My first panel. Okay, this is it. First panel I’m doing at GenCon. I feel like there should be photographs. Alright, don’t go down that mental road … stay focused, but yeah, that thing that happened did suck. Okay, back on point. You’re going to swear, often, is that going to weird people out? Why the fuck do you care? I mean shit, I have an hour, do they really need the whole saga of John? is this about me or about the conversation. Be proactive, find the solutions. If this panel leaves me mopey, what’s my plan? 

The rest of Day 1. Self-care, stat. Fire up the encouragement engines. Engage the supportive statements. Celebrate the fact that I just spoke in front of people on a much more visible stage. No, do not go to a bar to celebrate this fact. Have some water. And walk. Walk off the energy. 

Convention, Day 2

The big panel. Having already done this once, this one should be easier. No it doesn’t matter how detailed I get, the goal here is to convey information. Be the lens, show the material, answer questions. Rock and roll. 

That hour break between panels. EAT SOMETHING. Make smart choices. Breathe.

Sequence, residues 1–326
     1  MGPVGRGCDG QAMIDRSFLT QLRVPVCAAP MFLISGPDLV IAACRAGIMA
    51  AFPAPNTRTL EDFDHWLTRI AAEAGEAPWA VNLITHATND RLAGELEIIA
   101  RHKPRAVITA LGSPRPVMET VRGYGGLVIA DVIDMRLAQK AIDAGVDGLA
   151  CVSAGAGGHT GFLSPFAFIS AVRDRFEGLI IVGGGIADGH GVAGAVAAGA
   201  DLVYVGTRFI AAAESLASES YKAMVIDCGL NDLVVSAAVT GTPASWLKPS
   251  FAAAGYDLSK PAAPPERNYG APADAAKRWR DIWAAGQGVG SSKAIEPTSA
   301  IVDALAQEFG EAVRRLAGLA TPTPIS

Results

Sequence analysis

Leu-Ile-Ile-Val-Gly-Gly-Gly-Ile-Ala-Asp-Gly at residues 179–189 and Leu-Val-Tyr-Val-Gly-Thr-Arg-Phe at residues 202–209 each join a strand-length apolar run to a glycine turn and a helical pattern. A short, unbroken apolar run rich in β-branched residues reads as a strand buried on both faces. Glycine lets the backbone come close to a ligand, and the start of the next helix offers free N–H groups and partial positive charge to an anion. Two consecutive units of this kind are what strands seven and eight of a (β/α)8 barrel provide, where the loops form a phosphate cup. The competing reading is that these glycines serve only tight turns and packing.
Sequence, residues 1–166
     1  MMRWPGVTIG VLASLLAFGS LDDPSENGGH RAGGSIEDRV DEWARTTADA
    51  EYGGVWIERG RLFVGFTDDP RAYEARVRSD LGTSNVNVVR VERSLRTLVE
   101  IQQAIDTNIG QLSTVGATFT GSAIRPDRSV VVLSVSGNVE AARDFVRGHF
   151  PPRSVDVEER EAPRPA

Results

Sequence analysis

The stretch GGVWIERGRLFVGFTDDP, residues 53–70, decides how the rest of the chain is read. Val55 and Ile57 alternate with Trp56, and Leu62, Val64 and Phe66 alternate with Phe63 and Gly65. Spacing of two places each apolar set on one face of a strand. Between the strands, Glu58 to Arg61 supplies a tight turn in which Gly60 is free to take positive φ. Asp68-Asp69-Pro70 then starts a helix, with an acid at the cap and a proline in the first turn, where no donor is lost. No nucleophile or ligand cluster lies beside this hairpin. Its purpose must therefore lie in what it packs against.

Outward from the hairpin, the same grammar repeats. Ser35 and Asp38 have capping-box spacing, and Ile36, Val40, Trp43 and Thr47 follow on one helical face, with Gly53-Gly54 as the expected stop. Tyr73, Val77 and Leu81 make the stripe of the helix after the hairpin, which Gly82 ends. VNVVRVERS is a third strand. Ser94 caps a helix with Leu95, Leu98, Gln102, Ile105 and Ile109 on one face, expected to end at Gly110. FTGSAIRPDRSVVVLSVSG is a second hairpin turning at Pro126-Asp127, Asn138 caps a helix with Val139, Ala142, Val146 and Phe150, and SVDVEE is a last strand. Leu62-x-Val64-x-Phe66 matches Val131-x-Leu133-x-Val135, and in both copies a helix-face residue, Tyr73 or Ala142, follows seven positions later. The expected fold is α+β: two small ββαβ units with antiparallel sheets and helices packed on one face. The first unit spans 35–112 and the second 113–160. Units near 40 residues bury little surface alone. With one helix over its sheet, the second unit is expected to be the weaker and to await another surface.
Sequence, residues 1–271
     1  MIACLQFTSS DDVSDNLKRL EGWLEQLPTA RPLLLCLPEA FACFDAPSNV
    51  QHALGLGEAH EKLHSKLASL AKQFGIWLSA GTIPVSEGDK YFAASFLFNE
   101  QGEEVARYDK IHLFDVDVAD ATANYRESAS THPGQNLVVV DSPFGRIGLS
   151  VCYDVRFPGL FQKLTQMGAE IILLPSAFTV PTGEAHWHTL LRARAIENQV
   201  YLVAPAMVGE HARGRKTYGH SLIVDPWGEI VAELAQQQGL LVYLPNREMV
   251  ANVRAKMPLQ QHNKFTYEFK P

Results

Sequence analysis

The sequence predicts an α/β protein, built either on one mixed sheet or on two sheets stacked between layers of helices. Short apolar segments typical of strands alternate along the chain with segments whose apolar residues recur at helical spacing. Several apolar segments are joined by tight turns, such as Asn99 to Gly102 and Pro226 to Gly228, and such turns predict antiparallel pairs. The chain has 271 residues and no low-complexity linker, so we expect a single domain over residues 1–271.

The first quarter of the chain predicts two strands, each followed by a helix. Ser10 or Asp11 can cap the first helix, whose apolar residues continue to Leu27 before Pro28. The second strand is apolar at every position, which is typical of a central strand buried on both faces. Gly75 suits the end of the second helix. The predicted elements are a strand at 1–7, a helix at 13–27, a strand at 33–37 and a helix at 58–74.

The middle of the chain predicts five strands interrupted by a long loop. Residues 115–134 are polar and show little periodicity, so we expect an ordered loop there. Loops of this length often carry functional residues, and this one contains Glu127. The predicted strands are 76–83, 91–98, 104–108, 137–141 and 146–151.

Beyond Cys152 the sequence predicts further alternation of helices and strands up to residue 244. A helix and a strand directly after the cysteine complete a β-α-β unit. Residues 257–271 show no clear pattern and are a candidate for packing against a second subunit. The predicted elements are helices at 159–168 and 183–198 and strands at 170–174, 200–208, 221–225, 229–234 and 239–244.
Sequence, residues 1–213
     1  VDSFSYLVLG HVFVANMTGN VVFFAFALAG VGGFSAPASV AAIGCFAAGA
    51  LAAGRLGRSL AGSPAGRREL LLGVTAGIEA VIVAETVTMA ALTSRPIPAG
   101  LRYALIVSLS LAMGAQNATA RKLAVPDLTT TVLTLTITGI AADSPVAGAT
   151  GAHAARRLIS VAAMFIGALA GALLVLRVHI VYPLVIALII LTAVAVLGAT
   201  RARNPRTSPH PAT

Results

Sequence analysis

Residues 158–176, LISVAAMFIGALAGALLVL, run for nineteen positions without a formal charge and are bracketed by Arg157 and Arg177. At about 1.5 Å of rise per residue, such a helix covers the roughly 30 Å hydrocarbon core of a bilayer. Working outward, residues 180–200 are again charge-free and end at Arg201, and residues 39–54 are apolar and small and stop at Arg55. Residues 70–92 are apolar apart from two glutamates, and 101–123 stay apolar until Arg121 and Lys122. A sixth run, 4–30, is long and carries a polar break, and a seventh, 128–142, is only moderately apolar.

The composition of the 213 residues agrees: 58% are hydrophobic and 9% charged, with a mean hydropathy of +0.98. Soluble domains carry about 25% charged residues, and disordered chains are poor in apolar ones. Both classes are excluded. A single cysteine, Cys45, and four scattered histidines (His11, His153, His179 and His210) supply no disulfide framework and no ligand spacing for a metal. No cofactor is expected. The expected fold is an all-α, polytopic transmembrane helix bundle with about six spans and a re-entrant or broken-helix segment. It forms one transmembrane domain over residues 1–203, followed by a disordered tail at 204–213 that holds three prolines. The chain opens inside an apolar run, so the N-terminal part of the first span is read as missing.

Panel #2. Okay, this one is easier. Just talk. Just share my experiences. No, don’t worry about anyone digging it, I’m here in this moment, for me. Rock and roll.

The rest of Day 2. More self-care, yo. Bonus points if I can spend time with friends who make me extra happy.

Convention, Day 3

One more panel. Alright, by this point, seriously, if I can’t manage my favorite kind of panel with my eyes closed, I totally need to rethink things. Go kick this panel’s ass. 

The rest of Day 3. What the hell else am I supposed to do? How about some self-care and generally bohemian and vagabond ways? I wonder what my friends are up to? 

Convention, Day 4

Awesome, a whole day without responsibilities. I can just lounge. 

At some point. I should start organizing my return home. 

Monday

Check out. Oh, god I hate check out. And my flight isn’t until later. What the hell am I going to do? Where am I going to go? Should I just wait at the airport? Do I have everything out of the room? 

Flight. See above flight.

And for some reason, even after all this, I still want to do it again, and soon. 

Some Notes

[1] The best way to find me, assuming you don’t have my number to text me, is via Twitter

[2] If you do have my number and you’re at the convention – No, don’t call me. Well, try not to call me, since the likelihood of me being able to hear you on the phone in a crowded of people is limited. But if it’s after hours, call me. 

[3] I will absolutely and categorically be transparent about my moods, my feelings and my current state whenever you find me. Do not be afraid to ask.

[4] I love you guys, you’re beautiful, you’re awesome, and I cannot wait to see my friends.